Tattoos carry different meanings for everyone. They capture memories, tell stories and represent different parts of an individual. For this week’s edition of Tattoo Tuesdays, I sat down with junior English major Carly Laird to hear about the tattoos that represent her faith and her story.
How many tattoos do you have and where did you have them done?
Four. Three of them I got at a shop near my house, and the other one was from 717 Tattoo in Harrisburg.
Which tattoo hurt the most?
The one on my back shoulder because it has a lot of shading, and it took like an hour and a half.
What is the most common question you get asked about your tattoos?
What does it mean? Did it hurt? Why did you get that? You end up getting a script for each one in your mind and saying the same thing when someone else asks them.
I think this is starting to change because more people are getting them, but there is still the stigma of marking you as a rougher person, particularly as a woman who has tattoos, people expect the little anchor or cross that is dainty—I have some of the big ones; that marks you as being edgy.
Which tattoo means the most to you?
I think my first one, the dove on my wrist. For me, I got it to remind myself of my faith, and when I got my tattoo, I was very, very strong in my faith. Now that I’m even less so, I still don’t regret having it. It reminds me of a snapshot of my life that I can learn from. So when I look at it, I am reminded of where I was at the time, compared to now and what I have learned from that moment.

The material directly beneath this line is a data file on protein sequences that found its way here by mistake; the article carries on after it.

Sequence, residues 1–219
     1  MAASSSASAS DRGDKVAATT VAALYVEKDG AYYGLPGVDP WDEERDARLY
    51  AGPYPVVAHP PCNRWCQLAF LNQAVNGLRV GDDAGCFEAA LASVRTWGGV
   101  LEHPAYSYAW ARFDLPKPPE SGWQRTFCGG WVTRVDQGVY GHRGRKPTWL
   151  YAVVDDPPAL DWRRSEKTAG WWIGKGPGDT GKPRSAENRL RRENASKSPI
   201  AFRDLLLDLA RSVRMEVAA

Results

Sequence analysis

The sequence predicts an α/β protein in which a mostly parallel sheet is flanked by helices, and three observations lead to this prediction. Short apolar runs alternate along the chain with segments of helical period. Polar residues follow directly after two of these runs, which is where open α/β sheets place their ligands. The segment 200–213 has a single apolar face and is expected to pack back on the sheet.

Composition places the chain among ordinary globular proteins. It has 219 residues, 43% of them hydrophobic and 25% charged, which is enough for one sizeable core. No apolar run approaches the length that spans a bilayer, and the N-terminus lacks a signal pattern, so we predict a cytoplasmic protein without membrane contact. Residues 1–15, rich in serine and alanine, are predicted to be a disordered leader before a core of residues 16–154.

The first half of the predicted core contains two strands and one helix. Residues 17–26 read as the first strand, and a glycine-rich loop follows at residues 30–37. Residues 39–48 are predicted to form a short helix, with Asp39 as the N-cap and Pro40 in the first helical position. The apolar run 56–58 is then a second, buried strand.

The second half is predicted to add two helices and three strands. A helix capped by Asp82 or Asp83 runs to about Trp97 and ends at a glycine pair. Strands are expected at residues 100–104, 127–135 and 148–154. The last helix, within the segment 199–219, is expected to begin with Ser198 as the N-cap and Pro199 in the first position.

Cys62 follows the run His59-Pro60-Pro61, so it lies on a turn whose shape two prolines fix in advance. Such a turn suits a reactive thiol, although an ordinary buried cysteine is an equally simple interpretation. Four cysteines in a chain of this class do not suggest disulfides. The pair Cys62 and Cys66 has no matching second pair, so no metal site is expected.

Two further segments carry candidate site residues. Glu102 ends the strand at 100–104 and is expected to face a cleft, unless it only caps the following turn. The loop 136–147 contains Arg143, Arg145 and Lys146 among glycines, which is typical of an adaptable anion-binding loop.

Do you plan on getting more tattoos?
Yes. I do not have anything specific in mind, but I also know that I would be open to getting more. They always say the more addictive they are, the more you want which is probably true.
How do you handle the pain?
I do remember that what I heard the most was my niece was there, and she was laughing while my step-sister was holding her, and I was in so much pain—my niece was laughing and I was like ‘smile for the baby.’
What advice would you give to someone considering getting a tattoo?
Particularly for your first tattoo, you have a certain image in your head for awhile. For me, I had the image of the dove in my head for a year before I actually got it. For your first one, that is helpful. My tattoos are for myself. I don’t get it thinking what someone else will think about it, or ‘oh this will look so cool,’ but people look at it, and they don’t really understand it as it has a lot of deep meaning to me. I think tying it to that is really important.
What is one thing you wish everyone knew about tattoos?
People who have a negative view of them, for so many people, getting tattoos is like claiming the space. Like for me, this is my body, I am choosing to get this mark, and I am choosing to connect with this image to who I am as a person. You end up forgetting that it’s a part of your body, a part of your skin almost. I think that’s really important for people to remember when they are criticizing others who have tattoos.